In This Together, Inc., the social services agency founded in 2004 to provide HIV/AIDS services to New Orleans' at-risk communities, is ceasing client services today, having failed to secure a round of funding that would allow the agency to continue serving more than 225 mostly minority individuals with HIV.
The reason, according to executive director Michael Hickerson, is the City of New Orleans' inability to distribute mandated federal funds.
In an interview this morning, Hickerson said, "Its so unfortunate that nonprofits [agencies] that are making positive differences in this community are getting no support, while other nonprofits that have less of an impact get all the funding they need in a timely manner. I hope people can read between the lines here."
In a statement about the agency's closing, In This Together has promised to "assist with the transition of its clients to other agencies, some of which are also in jeopardy of closing due to the inability of the City of New Orleans to effectively administer mandated programs and available federal funding in a timely manner."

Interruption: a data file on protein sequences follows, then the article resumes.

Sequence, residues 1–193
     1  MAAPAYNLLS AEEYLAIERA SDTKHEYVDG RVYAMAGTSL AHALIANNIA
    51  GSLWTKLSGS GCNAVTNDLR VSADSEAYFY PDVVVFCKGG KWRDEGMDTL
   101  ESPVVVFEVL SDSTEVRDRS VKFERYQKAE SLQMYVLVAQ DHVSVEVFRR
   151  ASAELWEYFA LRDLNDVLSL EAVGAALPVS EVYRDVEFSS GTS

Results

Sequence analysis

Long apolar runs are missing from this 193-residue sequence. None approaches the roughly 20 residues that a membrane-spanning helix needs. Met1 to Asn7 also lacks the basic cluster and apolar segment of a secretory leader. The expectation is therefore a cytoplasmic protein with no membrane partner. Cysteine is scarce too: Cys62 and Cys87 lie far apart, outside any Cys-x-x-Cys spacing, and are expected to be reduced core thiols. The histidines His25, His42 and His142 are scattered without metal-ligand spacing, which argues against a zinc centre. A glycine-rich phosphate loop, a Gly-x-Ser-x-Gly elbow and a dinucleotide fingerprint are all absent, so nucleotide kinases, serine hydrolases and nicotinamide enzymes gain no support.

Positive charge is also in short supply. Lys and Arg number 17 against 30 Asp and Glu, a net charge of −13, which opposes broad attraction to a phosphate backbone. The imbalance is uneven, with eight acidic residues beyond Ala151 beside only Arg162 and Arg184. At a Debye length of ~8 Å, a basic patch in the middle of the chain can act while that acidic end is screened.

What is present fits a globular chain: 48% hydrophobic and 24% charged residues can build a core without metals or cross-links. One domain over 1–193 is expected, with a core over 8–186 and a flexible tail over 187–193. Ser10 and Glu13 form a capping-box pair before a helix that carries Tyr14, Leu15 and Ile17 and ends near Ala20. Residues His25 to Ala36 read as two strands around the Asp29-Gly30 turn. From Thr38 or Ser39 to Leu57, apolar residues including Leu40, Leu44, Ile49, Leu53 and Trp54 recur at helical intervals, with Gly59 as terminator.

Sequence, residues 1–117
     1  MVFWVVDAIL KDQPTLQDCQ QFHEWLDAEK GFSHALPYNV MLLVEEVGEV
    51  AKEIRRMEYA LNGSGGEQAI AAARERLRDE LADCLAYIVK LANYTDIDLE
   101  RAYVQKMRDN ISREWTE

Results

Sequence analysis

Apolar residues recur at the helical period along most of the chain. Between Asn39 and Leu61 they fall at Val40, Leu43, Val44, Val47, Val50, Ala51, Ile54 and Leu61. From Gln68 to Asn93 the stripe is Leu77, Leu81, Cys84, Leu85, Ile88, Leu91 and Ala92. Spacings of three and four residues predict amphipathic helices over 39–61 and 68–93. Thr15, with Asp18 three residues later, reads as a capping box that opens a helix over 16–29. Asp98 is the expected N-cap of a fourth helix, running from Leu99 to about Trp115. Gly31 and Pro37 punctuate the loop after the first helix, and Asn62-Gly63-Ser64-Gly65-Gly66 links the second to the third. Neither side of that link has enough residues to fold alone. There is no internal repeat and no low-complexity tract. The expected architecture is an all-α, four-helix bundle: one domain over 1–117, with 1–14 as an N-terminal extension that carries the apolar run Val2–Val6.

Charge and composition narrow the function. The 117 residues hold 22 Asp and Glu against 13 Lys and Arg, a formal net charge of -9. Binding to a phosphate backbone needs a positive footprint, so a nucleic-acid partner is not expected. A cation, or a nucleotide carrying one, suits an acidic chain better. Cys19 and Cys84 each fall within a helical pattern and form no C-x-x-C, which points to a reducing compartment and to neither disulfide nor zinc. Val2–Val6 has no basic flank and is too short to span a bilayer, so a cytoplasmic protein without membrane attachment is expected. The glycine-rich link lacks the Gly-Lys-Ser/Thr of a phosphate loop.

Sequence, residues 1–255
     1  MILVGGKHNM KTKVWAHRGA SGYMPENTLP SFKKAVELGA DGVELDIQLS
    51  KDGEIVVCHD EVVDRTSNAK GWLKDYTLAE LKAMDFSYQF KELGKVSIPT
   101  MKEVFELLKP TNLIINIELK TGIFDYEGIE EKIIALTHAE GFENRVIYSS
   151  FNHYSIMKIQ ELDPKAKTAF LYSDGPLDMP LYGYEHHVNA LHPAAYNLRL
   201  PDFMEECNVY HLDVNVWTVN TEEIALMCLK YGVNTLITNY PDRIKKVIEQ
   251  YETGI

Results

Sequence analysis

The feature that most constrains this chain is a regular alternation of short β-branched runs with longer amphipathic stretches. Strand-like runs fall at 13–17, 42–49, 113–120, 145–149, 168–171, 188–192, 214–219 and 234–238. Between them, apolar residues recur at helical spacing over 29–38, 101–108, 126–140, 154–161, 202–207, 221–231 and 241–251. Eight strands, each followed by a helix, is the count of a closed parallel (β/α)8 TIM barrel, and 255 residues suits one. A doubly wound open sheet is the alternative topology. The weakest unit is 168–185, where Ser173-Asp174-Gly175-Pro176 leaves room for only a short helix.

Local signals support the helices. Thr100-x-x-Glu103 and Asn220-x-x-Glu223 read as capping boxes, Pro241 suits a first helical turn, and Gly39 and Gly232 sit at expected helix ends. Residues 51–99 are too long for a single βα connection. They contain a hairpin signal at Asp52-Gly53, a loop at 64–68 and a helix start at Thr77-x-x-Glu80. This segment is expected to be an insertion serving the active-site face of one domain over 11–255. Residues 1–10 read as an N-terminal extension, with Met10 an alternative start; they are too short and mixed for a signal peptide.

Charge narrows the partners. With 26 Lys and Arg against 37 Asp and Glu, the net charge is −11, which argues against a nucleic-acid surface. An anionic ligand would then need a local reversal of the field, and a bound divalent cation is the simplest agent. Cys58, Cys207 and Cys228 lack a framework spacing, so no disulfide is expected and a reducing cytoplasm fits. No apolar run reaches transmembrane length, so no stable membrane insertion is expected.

(Gambit attempted to reach Fran Lawless, MHA director in the city's Office of Health Policy for AIDS Network Funding, but her telephone number listed on the city's website was not working.)
Hickerson estimates that 75-80% of ITT's clients were African-American, but adds that the group also served "non-traditional gay white guys" who felt they didn't, for various reasons, "fit into the mainstream gay community."
According to figures on the group's website, New Orleans ranks 7th nationwide in HIV/AIDS cases; part of the Tremé neighborhood ranks first in HIV/AIDS case rates in the city; more than 70% of all new HIV/AIDS diagnosed individuals living in the New Orleans area are African-American; and approximately 85% of all women living with HIV/AIDS in the New Orleans area are African-American.